There are many facts to be said about us, and our structures and institutions might hold necessity, in much the same way as a flower needs soil in which to grow and flourish. But this necessity does not give any of us the justification to forget our inner conscience or real nature. At every moment of life we must take an inventory of these structures and ask if they are good for us, or just so much convenience and habit. This sense of being that resides in all of us, from the most abject to the most elevated among us, always holds great promises and powers. One has only to listen, but what if it were only that easy! What will be heard is different for every human being yet nevertheless is the only way to know how or where to turn, and most importantly, why. Any compromise of the truths to be found in that place of being ends in some kind of ruination. If we coast along in ignorance of the truth in question we may be happy half of the time, and we may even find a degree of comfort, but we will be only half alive to this world.

And we must ask ourselves if an alleged necessity is right by our nature. It will be very different and vary from one to the next. A scholar who tends to their garden knows it is not right for their constitution to be in an after hours club in town. But someone whose heart is in the bustle of that club and is invigorated and fortified by the electricity of the human connections to be found there does not belong on the farm or even in the study holding the world’s greatest wisdom. What would be noisome and empty to the scholar, is, for the partygoer, a living human comedy with vibrancy, with all of its glories and all of its flaws. Somehow, by each following their nature, in the apparent chaos that ensues, some measure of harmony will be achieved.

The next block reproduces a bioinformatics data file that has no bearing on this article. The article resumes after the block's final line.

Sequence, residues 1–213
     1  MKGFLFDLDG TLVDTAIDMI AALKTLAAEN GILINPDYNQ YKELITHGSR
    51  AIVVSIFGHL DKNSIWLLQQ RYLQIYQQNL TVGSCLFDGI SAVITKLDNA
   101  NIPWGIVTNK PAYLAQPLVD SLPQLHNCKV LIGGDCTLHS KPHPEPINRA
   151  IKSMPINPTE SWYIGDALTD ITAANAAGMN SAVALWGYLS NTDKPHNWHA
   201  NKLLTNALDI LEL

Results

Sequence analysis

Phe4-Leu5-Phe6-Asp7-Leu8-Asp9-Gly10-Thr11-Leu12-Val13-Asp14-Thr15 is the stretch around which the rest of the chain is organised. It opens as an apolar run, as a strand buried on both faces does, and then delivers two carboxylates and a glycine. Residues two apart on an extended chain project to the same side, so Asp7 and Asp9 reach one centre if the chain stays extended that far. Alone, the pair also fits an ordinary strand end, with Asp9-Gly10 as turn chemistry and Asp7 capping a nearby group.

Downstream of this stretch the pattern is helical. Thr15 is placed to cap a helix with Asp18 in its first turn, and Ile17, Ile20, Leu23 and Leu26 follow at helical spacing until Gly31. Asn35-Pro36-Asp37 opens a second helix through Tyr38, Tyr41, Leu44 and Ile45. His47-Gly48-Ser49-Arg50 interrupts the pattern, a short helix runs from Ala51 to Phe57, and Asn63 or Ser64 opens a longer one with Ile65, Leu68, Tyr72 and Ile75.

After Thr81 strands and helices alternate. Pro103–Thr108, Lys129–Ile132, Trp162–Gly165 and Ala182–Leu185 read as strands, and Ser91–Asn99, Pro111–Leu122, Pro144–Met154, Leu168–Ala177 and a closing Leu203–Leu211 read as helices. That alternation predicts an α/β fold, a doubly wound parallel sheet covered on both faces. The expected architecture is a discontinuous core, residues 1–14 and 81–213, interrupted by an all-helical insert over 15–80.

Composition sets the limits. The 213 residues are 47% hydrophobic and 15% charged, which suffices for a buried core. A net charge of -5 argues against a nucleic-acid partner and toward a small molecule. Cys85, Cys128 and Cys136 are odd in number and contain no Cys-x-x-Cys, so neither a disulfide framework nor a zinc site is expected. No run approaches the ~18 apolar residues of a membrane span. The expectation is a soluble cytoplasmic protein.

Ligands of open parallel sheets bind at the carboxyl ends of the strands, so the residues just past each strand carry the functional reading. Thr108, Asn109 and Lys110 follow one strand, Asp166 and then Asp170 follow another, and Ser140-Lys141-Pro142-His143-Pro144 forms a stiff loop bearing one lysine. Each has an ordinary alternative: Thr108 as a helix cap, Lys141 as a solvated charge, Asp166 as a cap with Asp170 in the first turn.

I remember some time back in the early nineties when I was discussing with an anarchist friend the dissolution of the old Soviet empire and its replacement by independent and sovereign states based on tradition and group identities with shared history. Although nobody in their right mind would have been sorry to see that awful empire fall I was suspicious and confused about the prospect of all of these new nations and histories to take into account. It seemed like a great deal of trouble to me. Moreover I wasn’t sure independence wouldn’t form new tensions and excessive tribal pride. My anarchist friend was only happy about the turn of events. As he succinctly put it: “I think everybody should get out of everything.”

My first thought was of bad marriages and the relatively recent divorce laws that enabled their dissolution. His recommendation has haunted me ever since.

Everybody should get out of everything. John was surely unto something. It is not merely that as a nation we are entangled in a barbaric war as wasteful of spirit and body as much as purse. It is not only that each of us, as a result of having made a bargain for temporary security, is mired in a complex interdependent system whose success threatens our very survival.